Outside of its products, IWC is demonstrating its adherence to sustainable principles. The company has pledged to release annual sustainability reports and is the first Swiss luxury watch brand to incorporate the best-practice standards of the Global Reporting Initiative into its sustainability reporting. Additionally, IWC demonstrates its commitment to social aspects of sustainability through its client centric approach, but also through the care it provides its employees. The company invests in learning and development for its employees,  and supports them across key areas like well-being, health and safety at every level. IWC was awarded “Great Place to Work®” certification in 2019 and 2021 respectively – the first luxury watchmaker in Switzerland to ever receive this award – and is creating a long-term program to increase inclusion and diversity within the company.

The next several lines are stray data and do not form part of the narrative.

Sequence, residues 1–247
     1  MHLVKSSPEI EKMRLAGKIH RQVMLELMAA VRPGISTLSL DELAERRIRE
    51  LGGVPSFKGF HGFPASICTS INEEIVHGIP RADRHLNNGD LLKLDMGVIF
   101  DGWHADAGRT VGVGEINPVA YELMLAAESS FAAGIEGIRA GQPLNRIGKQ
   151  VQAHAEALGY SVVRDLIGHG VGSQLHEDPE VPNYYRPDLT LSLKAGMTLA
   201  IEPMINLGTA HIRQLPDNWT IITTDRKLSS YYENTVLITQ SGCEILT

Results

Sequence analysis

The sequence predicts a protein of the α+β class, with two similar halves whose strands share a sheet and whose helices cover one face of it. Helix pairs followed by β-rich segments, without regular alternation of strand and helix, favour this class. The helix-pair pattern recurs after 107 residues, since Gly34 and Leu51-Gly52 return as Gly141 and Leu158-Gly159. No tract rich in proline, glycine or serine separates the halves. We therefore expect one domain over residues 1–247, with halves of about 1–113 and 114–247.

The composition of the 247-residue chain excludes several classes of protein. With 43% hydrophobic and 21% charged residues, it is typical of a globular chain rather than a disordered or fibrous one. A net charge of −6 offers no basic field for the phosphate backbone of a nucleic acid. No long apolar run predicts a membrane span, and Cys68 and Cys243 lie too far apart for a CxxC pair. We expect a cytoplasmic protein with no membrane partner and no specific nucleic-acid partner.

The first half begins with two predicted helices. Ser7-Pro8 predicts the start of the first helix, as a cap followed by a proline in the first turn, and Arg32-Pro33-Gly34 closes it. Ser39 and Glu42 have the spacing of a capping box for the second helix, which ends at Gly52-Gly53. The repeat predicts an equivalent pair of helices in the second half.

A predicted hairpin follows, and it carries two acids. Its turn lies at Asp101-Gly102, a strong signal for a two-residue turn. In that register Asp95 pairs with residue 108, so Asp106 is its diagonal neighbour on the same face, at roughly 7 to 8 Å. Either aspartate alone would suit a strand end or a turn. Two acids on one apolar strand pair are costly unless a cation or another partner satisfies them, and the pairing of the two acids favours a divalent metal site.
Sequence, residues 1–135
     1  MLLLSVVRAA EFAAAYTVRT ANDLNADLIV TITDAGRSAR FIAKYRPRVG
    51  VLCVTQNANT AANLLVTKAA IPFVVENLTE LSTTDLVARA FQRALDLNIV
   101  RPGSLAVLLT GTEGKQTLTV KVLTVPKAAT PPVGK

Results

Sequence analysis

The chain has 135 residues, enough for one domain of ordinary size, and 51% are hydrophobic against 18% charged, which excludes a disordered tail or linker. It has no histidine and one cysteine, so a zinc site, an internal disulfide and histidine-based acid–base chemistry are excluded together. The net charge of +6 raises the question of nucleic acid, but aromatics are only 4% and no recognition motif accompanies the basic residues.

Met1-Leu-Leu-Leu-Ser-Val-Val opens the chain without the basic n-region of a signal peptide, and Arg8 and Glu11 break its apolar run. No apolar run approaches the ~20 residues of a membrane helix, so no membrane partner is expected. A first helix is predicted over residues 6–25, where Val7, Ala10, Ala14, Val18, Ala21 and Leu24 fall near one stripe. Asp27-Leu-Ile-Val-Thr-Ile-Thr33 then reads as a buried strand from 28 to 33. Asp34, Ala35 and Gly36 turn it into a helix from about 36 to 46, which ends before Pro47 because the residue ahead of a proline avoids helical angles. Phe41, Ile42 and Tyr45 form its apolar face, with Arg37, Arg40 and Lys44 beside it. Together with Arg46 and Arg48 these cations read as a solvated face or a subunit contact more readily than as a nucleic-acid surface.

A well-maintained IWC watch can tick forever. But forever is a long time and relies upon sustainable action today. Franziska Gsell, IWC’s CMO and Sustainability Committee Chair, is aware of this reality. “We take our responsibility towards future generations seriously. Besides, manufacturing a durable mechanical watch only makes sense if there is still a planet to wear it on tomorrow.” As part of its sustainability journey, the company is finalising a long-term sustainability strategy with ambitious targets to be revealed in July 2022. This forward-facing focus exemplifies IWC’s commitment to a sustainable future, with the company’s transparent and responsible measures demonstrating how a leading watchmaker can do its part to make such a future a reality.

The heritage of IWC Schaffhausen is deeply rooted in the spirit of American pioneering and entrepreneurship. Florentine Ariosto Jones, a watchmaker and engineer from Boston, founded the International Watch Company in 1868. He drew upon the help of eminently qualified Swiss watchmakers, modern technology, and hydropower sourced from the nearby River Rhine to manufacture pocket watch movements of the highest quality. Today, the Rhine still flows past the company’s workshop in Schaffhausen and IWC is still working to pioneer the future of mechanical and luxury watchmaking in today’s world.